SUMMARY OF THE INVENTION

It is an object of the invention to provide a holographic device which can read a holographic medium with an increased data capacity.

To this end, the invention proposes an optical holographic device for reading out a data page recorded in a holographic medium, said device comprising means for forming an imaged data page from said data page, said imaged data page comprising imaged data bits having a first size in a first direction, means for detecting said imaged data page, said detecting means comprising detector elements having a second size in said first direction, said second size being larger than said first size, and displacement means for displacing the imaged data page in the first direction with respect to the detecting means so as to scan said imaged data page.

According to the invention, more than one imaged data bit impinge on a detector element. As a consequence, the number of detector elements of the detecting means is inferior to the number of data bits of a data page. This allows increasing the number of data bits of a data page without need of increasing the number of detector elements of the detecting means intended to read out said data page. The scanning of the imaged data page by means of the displacement means allows retrieving the values of the data bits, although the number of imaged data bits that impinge on a single detector element is greater than 1.

Advantageously, the displacement means comprise an electrowetting based deflection device or a liquid crystal based deflection device. Such a device can displace a radiation beam by application of a voltage between electrodes. As a consequence, no mechanical means are required for displacing the imaged data page with respect to the detecting means, which reduces the size and the power consumption of the holographic device.

Preferably, the detector elements are disposed in staggered rows, the means for forming an imaged data page being arranged in such a way that an imaged data bit impinges on at least two detector elements. As will be explained in detail in the description, this allows reducing the memory resources required for storing the outputs of the detector elements. Furthermore, subtraction of the outputs of said two detector elements subtracts the background noise, thus improving the signal over noise ratio.

The invention also relates to a method for reading out a data page recorded in a holographic medium, said method comprising a step of forming an imaged data page from said data page on detecting means, said imaged data page comprising imaged data bits having a first size in a first direction, at least one step of displacing the imaged data page with respect to the detecting means, and, after each displacing step, a step of measuring the output of at least one detector element having a second size in said first direction, said second size being larger than said first size, the method further comprising a step of retrieving the data page from said measurements The invention further relates to a computer program comprising a set of instructions which, when loaded into a processor or a computer, causes the processor or the computer to carry out this method.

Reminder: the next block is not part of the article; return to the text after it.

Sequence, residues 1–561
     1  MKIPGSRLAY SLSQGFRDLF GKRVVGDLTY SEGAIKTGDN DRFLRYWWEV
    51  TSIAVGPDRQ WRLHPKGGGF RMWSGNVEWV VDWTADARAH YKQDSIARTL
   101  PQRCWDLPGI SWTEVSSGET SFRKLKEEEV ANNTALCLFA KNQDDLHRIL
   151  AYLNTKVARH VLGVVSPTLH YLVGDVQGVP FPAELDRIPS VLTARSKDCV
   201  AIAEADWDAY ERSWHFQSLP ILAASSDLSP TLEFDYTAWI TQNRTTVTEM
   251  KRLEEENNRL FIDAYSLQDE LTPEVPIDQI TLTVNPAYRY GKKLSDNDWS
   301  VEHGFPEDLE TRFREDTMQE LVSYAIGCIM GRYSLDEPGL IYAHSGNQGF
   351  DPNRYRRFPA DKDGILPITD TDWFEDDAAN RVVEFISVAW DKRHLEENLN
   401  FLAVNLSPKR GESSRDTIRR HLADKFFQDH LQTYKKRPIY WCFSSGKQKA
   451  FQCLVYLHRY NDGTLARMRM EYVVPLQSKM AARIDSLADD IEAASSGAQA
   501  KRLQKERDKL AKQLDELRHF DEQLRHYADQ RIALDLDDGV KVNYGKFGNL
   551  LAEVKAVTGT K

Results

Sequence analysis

These and other aspects of the invention will be apparent from and will be elucidated with reference to the embodiments described hereinafter.

BRIEF DESCRIPTION OF THE DRAWINGS

The invention will now be described in more detail by way of example with reference to the accompanying drawings, in which:

FIG. 1 shows a holographic device in accordance with the prior art;

FIG. 2a and 2b shows a holographic device in accordance with an advantageous embodiment of the invention;

FIGS. 3a to 3d illustrate a method for retrieving data bits in a holographic device in accordance with the invention;

FIGS. 4a to 4d illustrate a method for retrieving data bits in a holographic device in accordance with a preferred embodiment of the invention;

DETAILED DESCRIPTION OF THE INVENTION

An holographic device in accordance with an advantageous embodiment of the invention is depicted in FIGS. 2a and 2b. It comprises the detector 114 for detecting an imaged data page, and an electrowetting device 200. The electrowetting device 200 is placed before the detector 114, so as to displace the imaged data page with respect to the detector 114. In this example, the displacing means are thus the electrowetting device 200. An electrowetting device comprises a fluid chamber and two different fluids separated by a meniscus of which an edge is constrained by the fluid chamber